It is, of course, difficult to predict how good a young player will be, especially when the names ahead of them are world class. But Boehly needs to ignore Perez's disregard for youth talent and try to hold onto the big guns, even if that means letting them initially go on loan.
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DO: Sell at the right time
Real Madrid are ruthless in the transfer market. Although their fans are fiercely loyal to their players while they're in the spotlight, Perez has shown little sentiment in selling his biggest stars, especially when they're no longer essential to his side.
Cristiano Ronaldo, Casemiro, Angel Di Maria, Mesut Ozil and Gonzalo Higuain were all let go when they either wanted to leave or were deemed surplus to requirements. The club have also been intelligent in handing out contracts. Sergio Ramos, for example, was shown the door when it became clear that his best days were gone.
Chelsea, on the other hand, don't really sell. At least, not at the right time. While they enjoyed healthy returns for Eden Hazard, Juan Mata and Thibaut Courtois, Chelsea have a mixed record of getting rid of players.
And it's a crucial period for the Blues to start slashing the squad. Boehly has dragged the club into deep financial trouble with his spending and will need to offload a number of first-team regulars to get anywhere near balancing his side's books.
Boehly has been cool and welcoming. It's now time for him to be ruthless.
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DON'T: Fall out with pretty much every other owner
Perez isn't exactly the most popular guy, and he seems to like it that way.
The Madrid owner happily plays the role of supervillain, throwing his club's weight around with little caution. It's a pattern that stretches all the way back to the beginning of his Madrid tenure, when he pinched Luis Figo from Barcelona in his first big move as club president.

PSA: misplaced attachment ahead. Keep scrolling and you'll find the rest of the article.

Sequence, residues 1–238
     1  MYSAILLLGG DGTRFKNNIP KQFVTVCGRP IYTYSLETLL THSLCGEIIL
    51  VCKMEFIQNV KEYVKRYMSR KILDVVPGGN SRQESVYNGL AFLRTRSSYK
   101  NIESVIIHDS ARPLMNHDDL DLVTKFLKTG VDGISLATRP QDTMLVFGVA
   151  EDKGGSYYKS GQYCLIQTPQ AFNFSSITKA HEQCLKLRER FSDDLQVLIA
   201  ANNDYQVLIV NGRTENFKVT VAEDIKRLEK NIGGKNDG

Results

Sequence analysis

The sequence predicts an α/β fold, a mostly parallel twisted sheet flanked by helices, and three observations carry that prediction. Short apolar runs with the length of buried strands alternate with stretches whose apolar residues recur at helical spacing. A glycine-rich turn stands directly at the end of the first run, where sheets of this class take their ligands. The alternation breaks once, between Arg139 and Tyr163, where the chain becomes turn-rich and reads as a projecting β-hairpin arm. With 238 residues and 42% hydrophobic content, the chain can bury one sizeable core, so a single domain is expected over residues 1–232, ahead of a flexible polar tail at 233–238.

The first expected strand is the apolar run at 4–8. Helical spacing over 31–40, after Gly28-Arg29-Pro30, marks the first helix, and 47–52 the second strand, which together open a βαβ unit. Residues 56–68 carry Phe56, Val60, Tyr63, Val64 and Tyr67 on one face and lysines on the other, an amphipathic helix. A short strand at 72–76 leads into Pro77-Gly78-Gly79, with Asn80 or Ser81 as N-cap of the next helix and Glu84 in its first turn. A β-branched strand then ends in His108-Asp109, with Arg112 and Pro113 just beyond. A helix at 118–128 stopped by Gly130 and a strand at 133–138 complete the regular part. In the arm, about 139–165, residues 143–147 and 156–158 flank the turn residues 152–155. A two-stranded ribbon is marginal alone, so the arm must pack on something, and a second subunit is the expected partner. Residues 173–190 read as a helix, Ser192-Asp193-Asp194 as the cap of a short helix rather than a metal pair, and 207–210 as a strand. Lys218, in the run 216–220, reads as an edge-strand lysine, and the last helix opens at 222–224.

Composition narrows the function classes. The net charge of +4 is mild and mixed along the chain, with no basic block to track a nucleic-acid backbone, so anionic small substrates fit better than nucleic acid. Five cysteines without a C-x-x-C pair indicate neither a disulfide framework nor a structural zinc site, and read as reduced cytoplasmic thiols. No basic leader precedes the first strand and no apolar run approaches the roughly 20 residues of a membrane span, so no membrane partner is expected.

That was the start of the Galactico era, when Madrid went about signing some of the biggest names in European football without abandon, luring the likes of Ronaldo, David Beckham and Michael Owen to the Bernabeu.
His policy of bringing in one massive name every summer drew the ire of other owners around Europe, with Perez's perceived arrogance making him an immensely unpopular figure outside of Madrid.
Boehly is veering dangerously down that road already. Some of his ideas, such as holding a Premier League All-Star game, have already been met with great skepticism. He'd be best advised to avoid them.
DO: Put trust in football people
Arguably Boehly's biggest mistake at the helm so far was appointing himself director of football when he took over the club ahead of the 2022 summer transfer window.
It led to a litany of poor signings and an ill-fated attempt to bring in Cristiano Ronaldo that forced Tuchel out. In total, the owner has shelled out north of £600 million ($731m) on new players since taking over — often without any clear method. And it's hard to say that any of the new signings have made a tangible impact on the side.
Perez, meanwhile, has put faith in Madrid's extensive transfer network over the years and employed the right football people. Chief scout Juni Calafat has picked up the likes of Vinicius Jr, Rodrygo, Federico Valverde and, most recently, Endrick from South America. It has made Madrid a haven for developing talent, while also a destination for a host of superstars.
Boehly, for all of his good intentions and big-spending ways, is not a footballing genius. And it appears he might be willing to admit that, recently assembling a more coherent cast of minds to run transfer business. But with all of the cash already squandered, it might be too late.
He probably should also not pick up the phone next time James Corden rings.
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DON'T: Co-sign on bad ideas
Perez was already an unpopular figure and when he spearheaded the campaign for the European Super League two years ago. The Madrid president became its chairman, and most vocal proponent, trying to sell the potentially destructive competition as good for football.